Female Assertion as an Antidote to Male Dominance: Mother Archetypes in Achebe’s Novels—Things Fall Apart, No Longer at Ease, and A Man of the People
Muneeni, Jeremiah Mutuku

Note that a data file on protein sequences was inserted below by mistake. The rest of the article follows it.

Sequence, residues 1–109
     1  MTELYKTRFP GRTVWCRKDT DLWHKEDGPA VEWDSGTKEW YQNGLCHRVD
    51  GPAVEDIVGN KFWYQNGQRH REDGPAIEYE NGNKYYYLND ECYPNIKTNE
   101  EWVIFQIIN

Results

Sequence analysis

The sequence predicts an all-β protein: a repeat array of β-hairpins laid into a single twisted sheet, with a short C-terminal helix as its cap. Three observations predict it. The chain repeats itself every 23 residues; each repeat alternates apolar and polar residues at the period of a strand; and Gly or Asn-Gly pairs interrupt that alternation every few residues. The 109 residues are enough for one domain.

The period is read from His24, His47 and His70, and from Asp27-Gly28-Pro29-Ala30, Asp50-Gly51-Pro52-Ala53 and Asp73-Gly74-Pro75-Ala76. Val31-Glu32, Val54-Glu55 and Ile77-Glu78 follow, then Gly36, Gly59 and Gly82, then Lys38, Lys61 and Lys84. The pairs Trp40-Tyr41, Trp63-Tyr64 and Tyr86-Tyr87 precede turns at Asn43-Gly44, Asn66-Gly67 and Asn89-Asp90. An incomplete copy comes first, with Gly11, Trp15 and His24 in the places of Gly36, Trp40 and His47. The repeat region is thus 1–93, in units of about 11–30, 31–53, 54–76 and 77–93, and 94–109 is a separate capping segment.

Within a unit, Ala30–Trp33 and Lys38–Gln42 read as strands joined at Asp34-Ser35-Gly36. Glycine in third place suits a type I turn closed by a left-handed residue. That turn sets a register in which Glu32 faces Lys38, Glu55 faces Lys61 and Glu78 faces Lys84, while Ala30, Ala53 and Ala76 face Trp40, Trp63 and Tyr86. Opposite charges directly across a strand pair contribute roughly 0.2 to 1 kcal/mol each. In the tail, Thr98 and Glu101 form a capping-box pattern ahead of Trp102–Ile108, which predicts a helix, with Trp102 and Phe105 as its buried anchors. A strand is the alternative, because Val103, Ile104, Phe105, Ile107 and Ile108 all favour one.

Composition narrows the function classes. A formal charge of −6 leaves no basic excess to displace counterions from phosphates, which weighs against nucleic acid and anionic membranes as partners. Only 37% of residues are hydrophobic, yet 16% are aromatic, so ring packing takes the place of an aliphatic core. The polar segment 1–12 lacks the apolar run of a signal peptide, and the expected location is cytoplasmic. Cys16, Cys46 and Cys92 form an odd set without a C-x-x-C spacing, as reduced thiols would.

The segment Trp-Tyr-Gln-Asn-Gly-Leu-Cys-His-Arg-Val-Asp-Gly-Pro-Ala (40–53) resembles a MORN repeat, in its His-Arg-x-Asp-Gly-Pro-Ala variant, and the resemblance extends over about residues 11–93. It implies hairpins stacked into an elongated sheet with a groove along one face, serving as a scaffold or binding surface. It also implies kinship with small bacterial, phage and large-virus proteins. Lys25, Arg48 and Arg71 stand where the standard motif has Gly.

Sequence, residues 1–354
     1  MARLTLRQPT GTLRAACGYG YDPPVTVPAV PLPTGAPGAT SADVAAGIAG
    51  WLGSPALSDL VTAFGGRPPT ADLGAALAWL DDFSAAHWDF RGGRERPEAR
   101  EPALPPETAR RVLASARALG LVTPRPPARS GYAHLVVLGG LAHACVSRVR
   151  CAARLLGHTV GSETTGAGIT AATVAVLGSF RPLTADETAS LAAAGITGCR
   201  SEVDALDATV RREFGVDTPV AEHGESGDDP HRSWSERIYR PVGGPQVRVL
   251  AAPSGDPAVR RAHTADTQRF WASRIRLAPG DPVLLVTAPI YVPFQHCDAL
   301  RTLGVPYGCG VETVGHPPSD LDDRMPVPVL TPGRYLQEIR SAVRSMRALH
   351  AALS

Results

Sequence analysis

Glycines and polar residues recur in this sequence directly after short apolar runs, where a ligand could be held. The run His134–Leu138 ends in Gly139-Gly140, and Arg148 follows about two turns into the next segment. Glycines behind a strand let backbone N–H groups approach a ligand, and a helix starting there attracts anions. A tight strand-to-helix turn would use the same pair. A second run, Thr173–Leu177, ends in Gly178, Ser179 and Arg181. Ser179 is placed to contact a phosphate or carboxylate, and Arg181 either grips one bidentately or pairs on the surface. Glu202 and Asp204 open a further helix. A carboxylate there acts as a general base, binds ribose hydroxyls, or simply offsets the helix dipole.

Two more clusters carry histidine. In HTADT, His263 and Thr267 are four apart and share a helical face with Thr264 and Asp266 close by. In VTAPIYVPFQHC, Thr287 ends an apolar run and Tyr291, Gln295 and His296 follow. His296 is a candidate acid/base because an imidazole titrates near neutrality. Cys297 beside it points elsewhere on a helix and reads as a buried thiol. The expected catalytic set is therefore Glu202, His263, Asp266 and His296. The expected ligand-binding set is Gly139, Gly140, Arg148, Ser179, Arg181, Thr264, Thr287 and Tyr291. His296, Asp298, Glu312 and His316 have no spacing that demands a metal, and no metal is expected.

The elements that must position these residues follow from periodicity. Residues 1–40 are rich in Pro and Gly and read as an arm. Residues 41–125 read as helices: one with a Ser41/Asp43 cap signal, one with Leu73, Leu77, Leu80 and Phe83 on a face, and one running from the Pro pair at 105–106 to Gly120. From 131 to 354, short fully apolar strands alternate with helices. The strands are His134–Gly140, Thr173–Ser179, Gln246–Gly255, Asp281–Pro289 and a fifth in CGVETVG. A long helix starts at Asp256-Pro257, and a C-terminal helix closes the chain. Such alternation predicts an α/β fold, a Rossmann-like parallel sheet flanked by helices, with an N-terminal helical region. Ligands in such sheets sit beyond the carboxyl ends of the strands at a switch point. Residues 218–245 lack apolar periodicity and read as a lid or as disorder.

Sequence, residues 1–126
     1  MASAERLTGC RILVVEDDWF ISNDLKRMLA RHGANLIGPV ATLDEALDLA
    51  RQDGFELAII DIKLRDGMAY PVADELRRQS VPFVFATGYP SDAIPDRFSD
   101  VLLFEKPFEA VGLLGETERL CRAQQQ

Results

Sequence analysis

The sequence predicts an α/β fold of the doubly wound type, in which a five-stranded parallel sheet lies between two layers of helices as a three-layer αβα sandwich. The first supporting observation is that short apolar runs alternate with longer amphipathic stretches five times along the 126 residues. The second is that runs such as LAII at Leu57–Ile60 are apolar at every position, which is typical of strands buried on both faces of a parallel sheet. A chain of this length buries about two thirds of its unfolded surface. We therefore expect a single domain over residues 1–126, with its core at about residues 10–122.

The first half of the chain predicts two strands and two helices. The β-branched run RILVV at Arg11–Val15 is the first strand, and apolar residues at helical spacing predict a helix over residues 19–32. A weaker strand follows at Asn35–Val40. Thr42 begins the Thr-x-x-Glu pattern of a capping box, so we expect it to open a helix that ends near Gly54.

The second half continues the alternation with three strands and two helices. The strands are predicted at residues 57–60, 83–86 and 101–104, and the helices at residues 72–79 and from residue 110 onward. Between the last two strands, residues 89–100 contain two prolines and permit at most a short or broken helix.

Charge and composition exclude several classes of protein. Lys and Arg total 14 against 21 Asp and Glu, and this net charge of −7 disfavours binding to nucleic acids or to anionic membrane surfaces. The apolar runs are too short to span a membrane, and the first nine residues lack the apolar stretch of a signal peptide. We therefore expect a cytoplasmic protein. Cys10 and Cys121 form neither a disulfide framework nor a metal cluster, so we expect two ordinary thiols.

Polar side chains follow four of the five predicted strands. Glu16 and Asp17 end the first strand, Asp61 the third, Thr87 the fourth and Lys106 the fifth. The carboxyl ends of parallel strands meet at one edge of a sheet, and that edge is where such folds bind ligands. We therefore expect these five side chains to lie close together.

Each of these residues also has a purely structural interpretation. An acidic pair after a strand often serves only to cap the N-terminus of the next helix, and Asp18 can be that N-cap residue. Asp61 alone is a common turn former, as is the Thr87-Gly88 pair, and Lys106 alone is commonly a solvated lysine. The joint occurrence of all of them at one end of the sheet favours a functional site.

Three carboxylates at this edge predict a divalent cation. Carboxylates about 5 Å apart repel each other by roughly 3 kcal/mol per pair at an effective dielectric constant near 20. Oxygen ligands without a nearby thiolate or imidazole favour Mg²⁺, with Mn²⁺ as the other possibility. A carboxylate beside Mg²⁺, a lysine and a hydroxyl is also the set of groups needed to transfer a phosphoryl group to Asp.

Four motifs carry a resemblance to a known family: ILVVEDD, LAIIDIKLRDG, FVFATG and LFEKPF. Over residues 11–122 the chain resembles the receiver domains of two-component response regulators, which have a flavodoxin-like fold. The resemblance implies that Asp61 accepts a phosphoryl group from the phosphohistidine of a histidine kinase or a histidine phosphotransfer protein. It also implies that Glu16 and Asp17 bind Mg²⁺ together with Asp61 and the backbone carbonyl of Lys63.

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There has been an intense debate with regards to Chinua Achebe’s (mis)representation of women in his creative works, especially his first four novels. Some scholars have argued that Achebe is a patriarchal writer who has relegated women to the periphery. Nevertheless, a few have read subtle nuances of gender balance in his works. This paper is a continuation of this debate. Specifically, it argues that Achebe has created Mother Archetypes in his novels and if the same is not recognized, he will continue to be demonized as a gender insensitive writer. The unit of analysis is three of the five Achebe’s novels namely: Things Fall Apart,No Longer at Ease, and A Man of the People. The paper interrogates the aforementioned novels within the framework of archetypal criticism, with the aim of unearthing and examining Mother Archetypes inherent in them. The paper identifies religion, education, and justice as the spheres of life in which Achebe has created, empowered and elevated Mother Archetypes to be at par with their male counterparts. However, owing to the breadth of the subject, the paper dwells on education. The paper concludes that creation of empowered Mother Archetypes in Achebe’s novels is a symbolic relay in which women characters hand in the symbolic empowerment baton to the next woman in the next novel until the last one where the creation of a woman major character, Beatrice, wins the race against male dominance.